Everybody was a winner at the Chandelier catering hall in Bayonne after the polls closed on Tuesday, June 2. The laughing, hugging, handshaking, and tears were all part of a vast political celebration to a low-turnout primary in which Nicholas Chiaravalloti and Angela McKnight overwhelmed four opponents to collect the Democratic nomination for two 31st District Assembly seats.
The Chandelier is typically the gathering place for local Democrats after elections. But on June 2 political people from around the county came to celebrate the decisive primary win in the 31st Assembly District and the unopposed victory of County Executive Tom DeGise.
Although Chiaravalloti and McKnight had the backing of the Hudson County Democratic Organization (HCDO), most of the credit for their victory goes to their own political bases. Chiaravalloti’s support appears to have come from the once-disenfranchised political machine of former Bayonne Mayor Joseph Doria. McKnight had a lot of help from Jersey City Ward F Councilwoman Diane Coleman, Jersey City Democratic Chairman Shawn (Sully) Thomas-Sullivan, political guru Tom Bertoli, and her own vast network of community people in Jersey City.
The selection of the Chandelier was deliberate, designed in part to send a message to former Bayonne Mayor Mark Smith and outgoing Assemblyman Jason O’Donnell, both of whom have aspirations to run for mayor in 2018. Last year, Smith stood in this same room and it was not nearly as cheery. That’s where Smith learned of his loss in the mayoral election to newcomer James Davis.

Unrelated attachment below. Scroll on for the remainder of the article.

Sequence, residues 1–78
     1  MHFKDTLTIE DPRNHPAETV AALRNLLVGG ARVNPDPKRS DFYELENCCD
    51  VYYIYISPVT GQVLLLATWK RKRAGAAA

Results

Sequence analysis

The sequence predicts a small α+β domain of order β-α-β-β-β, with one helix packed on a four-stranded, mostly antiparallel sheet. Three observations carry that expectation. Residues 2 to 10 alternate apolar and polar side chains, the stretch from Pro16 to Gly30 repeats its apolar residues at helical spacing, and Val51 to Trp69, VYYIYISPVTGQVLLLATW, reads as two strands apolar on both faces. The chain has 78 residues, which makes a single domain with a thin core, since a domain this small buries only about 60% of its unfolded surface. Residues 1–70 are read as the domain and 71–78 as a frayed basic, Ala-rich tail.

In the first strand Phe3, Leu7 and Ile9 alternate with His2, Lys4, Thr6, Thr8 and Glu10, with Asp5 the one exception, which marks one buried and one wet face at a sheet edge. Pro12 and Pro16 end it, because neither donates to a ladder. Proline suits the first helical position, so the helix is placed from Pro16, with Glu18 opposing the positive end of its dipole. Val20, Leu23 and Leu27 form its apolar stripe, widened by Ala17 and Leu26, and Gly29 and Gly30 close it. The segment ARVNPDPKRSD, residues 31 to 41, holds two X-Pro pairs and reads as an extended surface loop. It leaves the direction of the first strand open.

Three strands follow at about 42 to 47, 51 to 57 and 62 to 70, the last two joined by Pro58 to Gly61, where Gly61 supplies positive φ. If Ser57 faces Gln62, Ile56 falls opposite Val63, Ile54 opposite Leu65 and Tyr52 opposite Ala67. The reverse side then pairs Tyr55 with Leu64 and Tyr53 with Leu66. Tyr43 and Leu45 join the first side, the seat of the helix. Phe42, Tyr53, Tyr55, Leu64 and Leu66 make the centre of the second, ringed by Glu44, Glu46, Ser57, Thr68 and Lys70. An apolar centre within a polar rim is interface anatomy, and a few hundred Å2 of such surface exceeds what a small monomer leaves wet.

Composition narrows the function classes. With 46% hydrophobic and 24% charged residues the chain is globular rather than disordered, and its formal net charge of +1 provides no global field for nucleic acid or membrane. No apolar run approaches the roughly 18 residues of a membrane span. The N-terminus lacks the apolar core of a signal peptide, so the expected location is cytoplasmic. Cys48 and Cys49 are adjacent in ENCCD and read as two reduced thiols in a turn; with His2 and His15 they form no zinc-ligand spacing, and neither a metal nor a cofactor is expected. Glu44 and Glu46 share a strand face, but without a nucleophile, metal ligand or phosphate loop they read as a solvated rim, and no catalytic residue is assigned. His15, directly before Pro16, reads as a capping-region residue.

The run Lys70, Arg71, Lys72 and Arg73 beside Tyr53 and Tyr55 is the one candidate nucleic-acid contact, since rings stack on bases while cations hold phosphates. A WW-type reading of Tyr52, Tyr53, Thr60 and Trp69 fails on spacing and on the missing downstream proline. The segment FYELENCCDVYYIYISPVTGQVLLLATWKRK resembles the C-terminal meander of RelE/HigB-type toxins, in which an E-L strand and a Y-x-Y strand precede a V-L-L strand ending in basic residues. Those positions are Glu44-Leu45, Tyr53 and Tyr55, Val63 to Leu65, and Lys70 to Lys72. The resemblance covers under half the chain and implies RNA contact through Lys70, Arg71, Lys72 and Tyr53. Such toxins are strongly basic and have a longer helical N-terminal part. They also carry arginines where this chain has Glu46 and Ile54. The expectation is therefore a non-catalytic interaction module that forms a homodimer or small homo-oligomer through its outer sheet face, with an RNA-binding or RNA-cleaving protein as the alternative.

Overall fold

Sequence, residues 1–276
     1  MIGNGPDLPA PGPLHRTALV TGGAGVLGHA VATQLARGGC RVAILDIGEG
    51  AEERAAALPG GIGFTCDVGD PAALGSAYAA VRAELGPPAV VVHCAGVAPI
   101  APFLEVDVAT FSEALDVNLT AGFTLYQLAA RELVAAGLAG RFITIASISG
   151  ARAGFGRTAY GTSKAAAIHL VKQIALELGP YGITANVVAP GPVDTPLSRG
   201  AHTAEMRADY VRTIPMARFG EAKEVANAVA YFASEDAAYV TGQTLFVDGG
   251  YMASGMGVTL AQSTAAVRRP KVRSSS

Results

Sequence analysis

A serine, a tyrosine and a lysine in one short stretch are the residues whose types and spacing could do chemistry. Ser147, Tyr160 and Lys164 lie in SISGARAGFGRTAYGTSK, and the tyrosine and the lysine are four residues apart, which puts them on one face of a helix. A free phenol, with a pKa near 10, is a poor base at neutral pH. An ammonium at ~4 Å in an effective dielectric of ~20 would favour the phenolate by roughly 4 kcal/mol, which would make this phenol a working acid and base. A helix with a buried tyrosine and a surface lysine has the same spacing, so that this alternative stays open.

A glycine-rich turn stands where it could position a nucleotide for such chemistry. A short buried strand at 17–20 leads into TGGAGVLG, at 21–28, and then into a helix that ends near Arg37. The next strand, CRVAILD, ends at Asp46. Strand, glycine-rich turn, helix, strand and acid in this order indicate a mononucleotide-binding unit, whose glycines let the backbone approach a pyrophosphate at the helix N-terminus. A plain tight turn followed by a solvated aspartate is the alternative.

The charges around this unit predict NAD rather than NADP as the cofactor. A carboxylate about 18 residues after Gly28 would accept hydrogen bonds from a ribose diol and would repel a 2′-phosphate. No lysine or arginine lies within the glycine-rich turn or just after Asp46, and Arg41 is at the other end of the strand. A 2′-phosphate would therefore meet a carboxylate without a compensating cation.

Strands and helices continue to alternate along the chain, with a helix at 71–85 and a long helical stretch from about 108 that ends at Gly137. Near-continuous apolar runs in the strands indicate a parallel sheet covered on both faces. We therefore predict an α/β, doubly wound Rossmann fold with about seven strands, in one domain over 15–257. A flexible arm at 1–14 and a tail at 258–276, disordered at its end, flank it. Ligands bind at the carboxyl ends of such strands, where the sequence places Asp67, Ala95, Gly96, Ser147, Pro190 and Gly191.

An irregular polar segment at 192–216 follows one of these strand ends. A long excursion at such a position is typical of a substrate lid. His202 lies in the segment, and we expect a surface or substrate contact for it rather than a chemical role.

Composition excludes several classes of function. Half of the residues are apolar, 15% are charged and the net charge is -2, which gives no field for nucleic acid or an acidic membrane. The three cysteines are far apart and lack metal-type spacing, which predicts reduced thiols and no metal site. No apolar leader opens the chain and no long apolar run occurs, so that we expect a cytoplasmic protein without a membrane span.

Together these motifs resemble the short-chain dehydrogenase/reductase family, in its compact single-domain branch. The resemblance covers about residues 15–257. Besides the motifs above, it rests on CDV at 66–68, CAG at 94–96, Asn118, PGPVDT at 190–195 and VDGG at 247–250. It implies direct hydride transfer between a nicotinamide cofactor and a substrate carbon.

“This is Jimmy’s second victory,” one political observer said, referring to the Assembly primary. “You have to believe that Smith and O’Donnell were keeping a close eye on this election hoping that it would be very close.”
A lot of the future hopes of Smith and O’Donnell rested on a narrow victory by Nick and McKnight.
This would have shown Davis, who is largely the motivator behind Chiaravalloti’s Bayonne campaign, as weak, and vulnerable for a mayoral challenge in 2018.
But the margin of victory was not close. Chiaravalloti and McKnight beat their opponents by more than a four-to-one margin and filled the catering hall with supporters from far and wide. While some of Mayor Steven Fulop’s people helped McKnight in Jersey City, most of the Bayonne effort was due to Davis.
Bigger than just a primary
Rooms like this swell up with the hopes and ambitions of those who come into them. But like the yellow and blue balloons that decorated the ceiling, the mood can quickly deflate when people see their hopes slipping away.
On this night, the primary victory only pumped up the room, filling it with even greater expectations.
While for Chiaravalloti, McKnight and their followers, the celebration was about the primary, for others in the HCDO the celebration was about greater expectations and HCDO’s potential to become an effective political machine in the 2017 gubernatorial election.
Bolstered by the political prowess of people like Craig Guy and Thomas-Sullivan, the HCDO was trying to prove that it could get its act together and become the foundation of a campaign that might eventually see Fulop elected governor in 2017.
HCDO Chairman and Assembly Speaker Vincent Prieto described it as having “everybody rowing the same way.”